I’ve heard a lot of comments from locals about the new three-story medical offices on the edge of Montrose, at Verdugo Road and Broadview Drive, mostly to the tune of “What happened there?”
You can’t miss that building. It’s a looming modern glass-and-steel structure that raises huge issues about compatibility. Although it’s not in the Montrose Shopping Park proper, it lies close enough to it to creep into the peripheral vision of those who view Montrose as a precious gem of small-town ambience.
It has its architectural good points, but viewed from the shopping park, its major feature is a north-facing, three-story blank wall. That wall baffles me. It hasn’t any windows, no articulation at all, and seems to have no purpose architecturally other than to hold the roof up. Its appearance from Montrose is that of a featureless monolith. What does that say to the community? They might as well write in big letters on that north wall, “Up yours, Montrose!” At least that would be something interesting to look at.
Compatibility has been the byword for architecture in the Foothills recently. Homeowners associations and community activists have used compatibility as a rallying cry for the future of our slower-paced valley. This building, whether you like its appearance or not, is not compatible with the look and feel of what most residents want for the future of Montrose.
So what did happen here? It’s very simple. The community was asleep at the wheel. We simply weren’t paying attention.
Here’s how it went down:
First it helps to know how the Design Review Board for Glendale works. The Design Review Board, or DRB, is supposed to be the guardian of what types of buildings happen in Glendale. If it’s ugly or out of place, it’s the board’s job to catch it before it gets built. The board members are volunteers who are passionate about design or architecture. By nature, that means some of them are builders or architects themselves.
It’s been my experience with the members of the DRB that they, for the most part, have a fairly cosmopolitan view of architecture and compatibility – meaning, in simpler terms, that they like modern architecture. As a matter of fact, they encourage it, so it’s no surprise that they liked this design when it came before them in 2005. However, it’s also been my experience that if enough community members show up to the meetings to demand design that is more in tune with our vision of a simple and quiet community, they will concede, as we saw with the recent Foothill Lumber blow-up.
On Sept. 15, 2005, this design hit the DRB for the first time. This was to be a “preliminary review” in which the concept of the building is examined. Does it match the neighborhood? Is it too big or too small? Does the architectural style work? The simple stuff, for the most part. Despite the recommendation by the Glendale Planning Department that the DRB carefully consider the mass and scale of this project in relation to the smaller scale buildings around it, the board OK’d it to go to a final review. Apparently, it was still under the radar of the community at large at that point.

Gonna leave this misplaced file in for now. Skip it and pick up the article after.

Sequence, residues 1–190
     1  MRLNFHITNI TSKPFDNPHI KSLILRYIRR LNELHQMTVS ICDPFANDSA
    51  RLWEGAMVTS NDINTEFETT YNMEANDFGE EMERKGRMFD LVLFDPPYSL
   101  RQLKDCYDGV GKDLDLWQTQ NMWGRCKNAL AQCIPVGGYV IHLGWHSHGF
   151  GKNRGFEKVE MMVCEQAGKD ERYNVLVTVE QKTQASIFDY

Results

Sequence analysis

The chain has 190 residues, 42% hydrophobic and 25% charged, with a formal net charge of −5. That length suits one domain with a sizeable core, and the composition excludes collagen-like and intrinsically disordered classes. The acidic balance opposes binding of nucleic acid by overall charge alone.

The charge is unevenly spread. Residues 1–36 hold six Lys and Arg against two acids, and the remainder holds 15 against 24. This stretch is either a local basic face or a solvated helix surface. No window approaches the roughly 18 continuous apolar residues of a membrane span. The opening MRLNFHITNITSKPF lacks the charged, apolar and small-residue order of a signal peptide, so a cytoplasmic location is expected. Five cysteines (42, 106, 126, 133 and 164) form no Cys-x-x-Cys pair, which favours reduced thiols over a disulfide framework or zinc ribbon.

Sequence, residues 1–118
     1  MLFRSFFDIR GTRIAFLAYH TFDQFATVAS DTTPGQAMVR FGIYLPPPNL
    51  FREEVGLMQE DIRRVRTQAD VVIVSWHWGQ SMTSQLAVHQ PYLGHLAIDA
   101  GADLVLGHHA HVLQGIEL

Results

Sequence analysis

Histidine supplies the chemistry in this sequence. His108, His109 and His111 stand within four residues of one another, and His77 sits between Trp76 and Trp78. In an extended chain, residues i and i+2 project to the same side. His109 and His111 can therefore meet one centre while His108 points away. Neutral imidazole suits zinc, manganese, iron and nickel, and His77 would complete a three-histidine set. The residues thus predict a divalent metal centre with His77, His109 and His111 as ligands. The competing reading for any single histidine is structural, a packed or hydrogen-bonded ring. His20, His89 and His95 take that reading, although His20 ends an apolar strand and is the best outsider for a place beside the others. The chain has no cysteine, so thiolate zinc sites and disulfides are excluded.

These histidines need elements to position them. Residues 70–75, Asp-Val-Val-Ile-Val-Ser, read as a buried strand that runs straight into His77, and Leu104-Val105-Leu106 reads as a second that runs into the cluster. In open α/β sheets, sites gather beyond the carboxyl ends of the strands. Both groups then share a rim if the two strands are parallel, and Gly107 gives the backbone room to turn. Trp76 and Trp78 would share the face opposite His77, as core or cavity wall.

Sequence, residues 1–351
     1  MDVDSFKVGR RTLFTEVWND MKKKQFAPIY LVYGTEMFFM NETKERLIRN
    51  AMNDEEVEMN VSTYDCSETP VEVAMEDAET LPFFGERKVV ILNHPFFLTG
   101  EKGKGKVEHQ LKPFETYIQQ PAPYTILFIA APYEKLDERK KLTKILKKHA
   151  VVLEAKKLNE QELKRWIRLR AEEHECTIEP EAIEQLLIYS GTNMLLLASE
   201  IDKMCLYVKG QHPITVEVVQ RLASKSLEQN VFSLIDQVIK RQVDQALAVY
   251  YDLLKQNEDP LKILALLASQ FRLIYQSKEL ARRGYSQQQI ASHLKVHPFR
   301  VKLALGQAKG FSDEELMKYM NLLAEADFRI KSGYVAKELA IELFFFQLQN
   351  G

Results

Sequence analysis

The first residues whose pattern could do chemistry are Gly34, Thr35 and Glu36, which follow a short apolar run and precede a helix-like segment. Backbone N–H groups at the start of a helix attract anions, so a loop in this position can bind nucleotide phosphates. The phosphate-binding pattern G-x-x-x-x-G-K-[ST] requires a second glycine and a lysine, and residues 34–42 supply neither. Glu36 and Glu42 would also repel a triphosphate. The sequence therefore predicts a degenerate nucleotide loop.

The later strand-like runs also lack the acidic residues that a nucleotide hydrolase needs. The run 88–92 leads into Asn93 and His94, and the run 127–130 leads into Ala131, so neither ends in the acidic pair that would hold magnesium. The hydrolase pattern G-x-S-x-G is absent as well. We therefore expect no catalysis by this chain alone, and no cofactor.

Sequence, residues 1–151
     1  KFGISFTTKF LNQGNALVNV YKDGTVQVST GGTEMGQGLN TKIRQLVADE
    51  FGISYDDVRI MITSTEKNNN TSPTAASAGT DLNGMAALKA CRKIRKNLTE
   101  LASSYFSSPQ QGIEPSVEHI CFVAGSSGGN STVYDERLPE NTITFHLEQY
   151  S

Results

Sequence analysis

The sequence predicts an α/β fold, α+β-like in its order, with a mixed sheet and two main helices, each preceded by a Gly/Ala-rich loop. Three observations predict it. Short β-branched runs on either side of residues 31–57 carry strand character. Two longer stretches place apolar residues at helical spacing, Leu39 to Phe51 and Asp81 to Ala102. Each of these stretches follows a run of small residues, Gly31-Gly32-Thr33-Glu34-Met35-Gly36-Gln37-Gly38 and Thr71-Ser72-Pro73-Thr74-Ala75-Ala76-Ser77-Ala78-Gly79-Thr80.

Here’s where a little cynicism is warranted on my part. It is said among community activists that if a project is controversial, any public meetings concerning it will be scheduled for times when the community is likely to not notice, like around holidays or vacation times.
True to that cynical sentiment, the final DRB review for this project was scheduled for Dec. 29, 2005, smack between Christmas and New Year’s Day. With only three members of the five-member board present, it was approved as we see it today, with nary a blip on the public’s radar. The final indictment of the public’s involvement in this mess? The DRB minutes read as follows:
Speaking at the meeting
In Favor: No One
In Opposition: No One
Interested Party: No One
There always seems to be one final irony in events like this. In this case, it was that the meeting was adjourned after a message from the planning department that a study session would be scheduled in February 2006 to look at “compatibility issues.”
So, even though we’re stuck with a building that most people don’t like, some good came out of this. As the building took shape, the community woke up to what had happened, and there was some anger vented at City Hall.
Changes began to take place in the Glendale Planning Department, and the way it handles controversial projects like this. It was put on notice by City Council that there must be better notification processes to the community put in place. No more saying, “We didn’t know about it.” The notification mailing requirements were made more accurate, and the notices posted on proposed project sites went from a piece of paper pasted on a stick to the small billboards we now see. We also enjoy more “upstream planning” by Glendale that is focused on Crescenta Valley, like the recent Montrose Shopping Park workshops or the North Glendale Community Plan Study Sessions. Thanks to the fallout from projects such as the Verdugo and Broadview building, CV is taking the lead in Glendale politics. There had been an attitude in Glendale circles that CV residents don’t “get it,” and that we were sadly missing out on the big circus going on downtown. That attitude is waning, although there are still some holdouts that don’t understand us, people such as Rick Caruso and the powers behind the Glendale News-Press. We’re just fundamentally different than the larger Glendale. Simple, quiet, and family-friendly is what we’re all about. I think you readers know what I mean.
This building caused change, but the price of that change is vigilance. The city and the county don’t know what we want unless we tell them. Take part in Glendale’s meetings. Go to CV Town Council events. Join groups of community activists. We must get involved or we can look forward to more buildings like “Starship Verdugo.”